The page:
Vafamehr had been sentenced to a year in prison and 90 lashes for appearing in the 2009 Australian film "My Tehran for Sale," which is banned in Iran.
In the movie -- which was filmed in the Iranian capital -- Vafamehr is seen with a shaved head, and without the head covering that's required of Iranian women. In one scene, she also appears to drink alcohol -- also a no-no in her culture.
According to Amnesty International, the appeals court reduced Vafamehr's sentence to three months, and removed the lashing aspect of her sentence.
Vafamehr was arrested in early July.
In the film, Vafamehr plays an actress who is forced to live a secret life.
When news of the arrest broke, the film's producers, Julie Ryan and Kate Croser, expressed their "deep shock and sadness at the sentence imposed by the Iranian government" in a statement to TheWrap. They also emphasized that Vafamehr's participation in the film "was limited to her role as an actress, and she was not in any other way involved in the behind-the-scenes filmmaking."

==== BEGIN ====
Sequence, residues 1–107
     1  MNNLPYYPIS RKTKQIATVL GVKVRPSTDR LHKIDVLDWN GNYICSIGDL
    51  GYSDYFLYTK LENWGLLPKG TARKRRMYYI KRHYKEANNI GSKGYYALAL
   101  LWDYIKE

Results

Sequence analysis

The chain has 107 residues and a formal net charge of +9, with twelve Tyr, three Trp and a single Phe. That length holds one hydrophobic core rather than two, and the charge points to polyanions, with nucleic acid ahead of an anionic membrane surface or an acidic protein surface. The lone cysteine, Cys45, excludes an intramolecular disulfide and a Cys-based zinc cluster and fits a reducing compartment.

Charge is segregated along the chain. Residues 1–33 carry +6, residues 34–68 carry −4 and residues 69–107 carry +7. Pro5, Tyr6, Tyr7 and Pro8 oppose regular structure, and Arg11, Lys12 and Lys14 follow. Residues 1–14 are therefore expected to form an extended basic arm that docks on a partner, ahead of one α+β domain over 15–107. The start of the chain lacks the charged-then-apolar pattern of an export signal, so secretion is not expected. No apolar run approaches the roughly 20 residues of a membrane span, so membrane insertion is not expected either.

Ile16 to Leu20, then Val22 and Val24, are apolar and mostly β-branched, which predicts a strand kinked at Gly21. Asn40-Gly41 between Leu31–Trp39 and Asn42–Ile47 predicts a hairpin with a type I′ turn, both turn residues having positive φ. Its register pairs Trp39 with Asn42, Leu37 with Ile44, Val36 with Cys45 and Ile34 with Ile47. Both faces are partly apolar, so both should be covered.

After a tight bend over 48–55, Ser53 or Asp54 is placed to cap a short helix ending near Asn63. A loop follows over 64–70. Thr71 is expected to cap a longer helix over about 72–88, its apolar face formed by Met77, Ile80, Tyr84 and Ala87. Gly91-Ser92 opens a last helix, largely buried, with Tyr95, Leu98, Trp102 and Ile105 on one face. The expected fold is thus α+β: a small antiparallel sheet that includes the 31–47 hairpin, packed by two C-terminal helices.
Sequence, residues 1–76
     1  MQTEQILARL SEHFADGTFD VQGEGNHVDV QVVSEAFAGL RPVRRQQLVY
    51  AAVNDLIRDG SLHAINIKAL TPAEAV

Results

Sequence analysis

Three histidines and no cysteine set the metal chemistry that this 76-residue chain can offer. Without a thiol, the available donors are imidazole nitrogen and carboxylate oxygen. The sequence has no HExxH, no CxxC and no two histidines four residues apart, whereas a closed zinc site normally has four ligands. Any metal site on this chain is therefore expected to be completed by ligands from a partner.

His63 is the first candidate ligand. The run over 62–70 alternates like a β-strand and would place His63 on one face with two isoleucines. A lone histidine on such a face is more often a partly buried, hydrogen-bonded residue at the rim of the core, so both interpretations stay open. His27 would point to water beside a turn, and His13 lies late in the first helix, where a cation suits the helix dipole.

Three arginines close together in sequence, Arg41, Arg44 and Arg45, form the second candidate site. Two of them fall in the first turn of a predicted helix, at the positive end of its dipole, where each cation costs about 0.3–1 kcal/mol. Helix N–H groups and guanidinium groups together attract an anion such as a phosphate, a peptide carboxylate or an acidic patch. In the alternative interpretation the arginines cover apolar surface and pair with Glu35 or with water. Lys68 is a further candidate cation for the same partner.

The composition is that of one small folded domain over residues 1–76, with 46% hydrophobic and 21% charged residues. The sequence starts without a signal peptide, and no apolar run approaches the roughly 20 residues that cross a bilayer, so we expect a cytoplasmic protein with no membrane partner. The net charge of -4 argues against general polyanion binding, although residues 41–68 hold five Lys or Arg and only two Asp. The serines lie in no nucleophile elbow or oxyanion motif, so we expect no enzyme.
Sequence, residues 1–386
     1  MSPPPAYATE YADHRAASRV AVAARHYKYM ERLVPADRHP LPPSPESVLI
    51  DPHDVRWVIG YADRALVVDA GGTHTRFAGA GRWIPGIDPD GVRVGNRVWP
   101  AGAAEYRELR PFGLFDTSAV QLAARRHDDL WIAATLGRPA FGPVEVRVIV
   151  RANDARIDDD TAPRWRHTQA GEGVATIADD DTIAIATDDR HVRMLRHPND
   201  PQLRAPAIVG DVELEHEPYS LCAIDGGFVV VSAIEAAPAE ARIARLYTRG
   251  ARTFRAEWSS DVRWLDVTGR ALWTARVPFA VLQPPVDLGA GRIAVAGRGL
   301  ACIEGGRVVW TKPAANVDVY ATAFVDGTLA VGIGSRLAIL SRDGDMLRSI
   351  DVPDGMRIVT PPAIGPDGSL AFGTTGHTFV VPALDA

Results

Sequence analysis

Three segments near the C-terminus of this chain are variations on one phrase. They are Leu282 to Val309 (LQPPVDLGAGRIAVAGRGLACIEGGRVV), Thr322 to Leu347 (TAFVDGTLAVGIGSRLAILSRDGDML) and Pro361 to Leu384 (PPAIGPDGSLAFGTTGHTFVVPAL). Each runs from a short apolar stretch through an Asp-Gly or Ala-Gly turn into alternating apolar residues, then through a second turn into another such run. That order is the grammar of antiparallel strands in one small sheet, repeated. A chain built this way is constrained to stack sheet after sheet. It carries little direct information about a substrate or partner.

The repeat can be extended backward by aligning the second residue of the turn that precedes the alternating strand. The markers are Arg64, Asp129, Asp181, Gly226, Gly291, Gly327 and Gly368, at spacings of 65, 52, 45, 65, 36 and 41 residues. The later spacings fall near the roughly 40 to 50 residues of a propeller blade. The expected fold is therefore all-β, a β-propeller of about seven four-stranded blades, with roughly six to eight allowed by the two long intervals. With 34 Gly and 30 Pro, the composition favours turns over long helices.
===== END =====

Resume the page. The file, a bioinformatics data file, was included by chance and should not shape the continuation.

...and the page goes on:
While Vafamehr has been freed, Amnesty International points out that Iran has been cracking down on filmmakers.
Hadi Afarideh, Naser Saffarian, Mohsen Shahrnazdar and Katayoun Shahabi were arrested Sept. 17 on suspicion of having sold their films to foreign broadcasters.
Doing so without permission from the government is prohibited in Iran; recently, the country's police chief, Esma’il Ahmadi-Moghaddam, equated dealings with the BBC and Voice of America with conspiring with enemy security services, Amnesty International said.